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Montessori, Steiner or Reggio Emilia?
In recent years the focus in Early Childhood Education is on a holistic approach to education. Montessori, Steiner, and Reggio Emilia are all holistic approaches with a focus on educating the whole child. These philosophies have had a profound impact on Early Childhood Education.
As parents and educators, we owe it to ourselves and our children, to explore what we believe about Education and how children learn best.
I have an eclectic approach, taking bits from various approaches that align with my philosophy of how children learn best gained through my formal studies, and experience as an educator and parent.
Read on to find out which approach resonates with you.
The one thing that resonates for me about the Reggio Emilia approach is that its mission (and mine) is to provide a nurturing environment that promotes knowledge and a love of learning. It isn’t linear. Rather it sees children as the initiators of their own learning with parents, teachers, and the community as co-collaborators alongside children.
- Parents are seen as their children’s first educators and are critical to children’s learning. Parents and the home, provide the safety and foundation from which children’s learning and curiosity develops.
- Teachers are seen as partners in the learning journey. They guide discovery, problem solving and critical thinking. Teachers guide further discovery and learning from the children’s interests.
- Children are natural communicators and seek to collaborate. Learning in groups and with others is favoured above working in isolation.
- The environment is the third teacher. Reggio classrooms are seen as living organisms. Spaces that only use natural materials to provide authentic opportunities for exploration. Children are seen as capable communicators, each with their own preferred method. They should be allowed to demonstrate their learning and understanding using a variety of materials and methods like drama, art, poetry, sculpture, writing, music etc.
You can learn more about the Reggio Emilia philosophy here https://www.reggiochildren.it/en/reggio-emilia-approach/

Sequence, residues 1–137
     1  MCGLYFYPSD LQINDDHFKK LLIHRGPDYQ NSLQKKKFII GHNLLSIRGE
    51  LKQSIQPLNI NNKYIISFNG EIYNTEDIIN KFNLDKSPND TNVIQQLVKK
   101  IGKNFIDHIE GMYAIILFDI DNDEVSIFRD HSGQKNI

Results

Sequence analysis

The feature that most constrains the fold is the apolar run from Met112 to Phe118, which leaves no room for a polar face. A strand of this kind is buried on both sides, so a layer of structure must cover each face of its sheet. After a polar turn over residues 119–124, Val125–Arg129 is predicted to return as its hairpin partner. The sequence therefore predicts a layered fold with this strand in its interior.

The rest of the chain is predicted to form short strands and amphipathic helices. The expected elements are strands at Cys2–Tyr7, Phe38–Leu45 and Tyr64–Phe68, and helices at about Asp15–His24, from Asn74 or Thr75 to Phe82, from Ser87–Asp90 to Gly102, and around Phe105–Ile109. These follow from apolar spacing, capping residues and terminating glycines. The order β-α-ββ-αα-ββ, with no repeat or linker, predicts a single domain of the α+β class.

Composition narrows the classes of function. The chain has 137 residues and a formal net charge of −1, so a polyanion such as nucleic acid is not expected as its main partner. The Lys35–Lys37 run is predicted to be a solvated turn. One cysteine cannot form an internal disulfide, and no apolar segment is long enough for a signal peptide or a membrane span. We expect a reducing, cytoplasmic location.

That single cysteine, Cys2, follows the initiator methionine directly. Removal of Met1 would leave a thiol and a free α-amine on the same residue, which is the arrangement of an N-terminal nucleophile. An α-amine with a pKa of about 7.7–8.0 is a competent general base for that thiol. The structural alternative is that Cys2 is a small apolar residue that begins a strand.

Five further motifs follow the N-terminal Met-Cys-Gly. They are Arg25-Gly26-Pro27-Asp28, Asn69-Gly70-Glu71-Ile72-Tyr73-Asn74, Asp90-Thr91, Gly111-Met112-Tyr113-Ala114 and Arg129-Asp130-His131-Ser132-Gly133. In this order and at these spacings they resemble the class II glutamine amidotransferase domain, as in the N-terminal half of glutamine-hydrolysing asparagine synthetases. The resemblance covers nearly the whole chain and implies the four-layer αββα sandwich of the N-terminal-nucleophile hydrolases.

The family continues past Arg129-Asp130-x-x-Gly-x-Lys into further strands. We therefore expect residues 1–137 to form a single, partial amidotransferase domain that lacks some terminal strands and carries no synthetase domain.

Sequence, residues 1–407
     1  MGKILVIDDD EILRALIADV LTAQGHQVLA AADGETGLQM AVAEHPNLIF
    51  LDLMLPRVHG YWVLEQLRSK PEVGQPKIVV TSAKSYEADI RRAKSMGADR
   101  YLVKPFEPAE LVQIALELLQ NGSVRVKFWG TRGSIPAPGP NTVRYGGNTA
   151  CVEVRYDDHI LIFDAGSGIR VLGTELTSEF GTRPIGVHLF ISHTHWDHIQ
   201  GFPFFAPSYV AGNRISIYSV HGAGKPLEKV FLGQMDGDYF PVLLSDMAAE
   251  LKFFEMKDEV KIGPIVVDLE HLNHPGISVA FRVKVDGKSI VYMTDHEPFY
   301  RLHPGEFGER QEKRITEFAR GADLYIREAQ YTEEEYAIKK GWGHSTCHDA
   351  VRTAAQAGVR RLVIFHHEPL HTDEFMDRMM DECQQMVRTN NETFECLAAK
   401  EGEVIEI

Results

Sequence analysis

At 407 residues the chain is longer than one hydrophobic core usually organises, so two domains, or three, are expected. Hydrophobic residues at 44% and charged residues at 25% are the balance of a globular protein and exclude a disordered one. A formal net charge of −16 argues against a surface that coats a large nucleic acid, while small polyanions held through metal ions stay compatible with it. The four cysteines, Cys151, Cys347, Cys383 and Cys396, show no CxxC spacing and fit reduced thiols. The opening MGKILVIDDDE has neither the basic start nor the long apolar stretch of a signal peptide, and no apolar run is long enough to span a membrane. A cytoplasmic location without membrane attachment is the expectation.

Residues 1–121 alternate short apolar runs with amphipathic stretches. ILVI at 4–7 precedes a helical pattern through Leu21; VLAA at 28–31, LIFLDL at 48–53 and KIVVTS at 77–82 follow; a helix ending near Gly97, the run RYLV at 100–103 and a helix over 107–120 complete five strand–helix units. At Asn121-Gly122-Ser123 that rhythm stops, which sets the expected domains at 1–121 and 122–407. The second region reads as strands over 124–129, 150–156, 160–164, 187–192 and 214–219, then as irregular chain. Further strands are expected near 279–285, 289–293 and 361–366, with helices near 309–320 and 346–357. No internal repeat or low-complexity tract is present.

Montessori education focuses on hands-on independent learning centred on children directing their own learning using beautifully designed Montessori resources. The resources allow children to learn at their own pace and to build on their skill set. The approach encourages a love for learning and many of the principles serve children with special needs – something that really interested its founder, Maria Montessori.
Read about Montessori education at https://www.mwei.edu.au/careers/what-is-montessori/
Steiner Waldorf education’s approach is founded on the ideas of Rudolf Steiner on how to allow children to be their true selves, be good citizens by contributing to society and to be a force of good in the world. Steiner education is very focused on the developmental stages of children with much emphasis placed on the arts and physical movement. Read all about Steiner education at https://www.steinerwaldorf.org/steiner-education/what-is-steiner-education/
As educators (yes parents are educators too!) we need to know what our own beliefs are around education and how we see our role in educating our children.
Of course, there are many experts in the world who have made it their business to study learning. The list is long, and it will only take a quick Google search to find studies on child development and learning to inform your teaching.
How do Children Learn Best?
Through my observations as an experienced educator I know this: Children thrive when their parents are involved, when they can work with others on their own interest projects, can present those projects in creative ways of their own choosing, and have access to learn in and with nature.
Check out my step by step guide of how to incorporate inquiry learning in your teaching environment and 4 Simple Ways you can include inquiry learning into a child’s everyday activities.
All three these holistic approaches are valuable, and have merit. It is up to you as an educator to decide which approach resonates most with you and your beliefs around educating children, and incorporate some of that into your own teaching if you are not in a school dedicated to one of these approaches.
But most importantly, we need to consider which approach is right for the individual personalty of the child.
What do you think? Let me know on the Ed’s Lessons FB Page.
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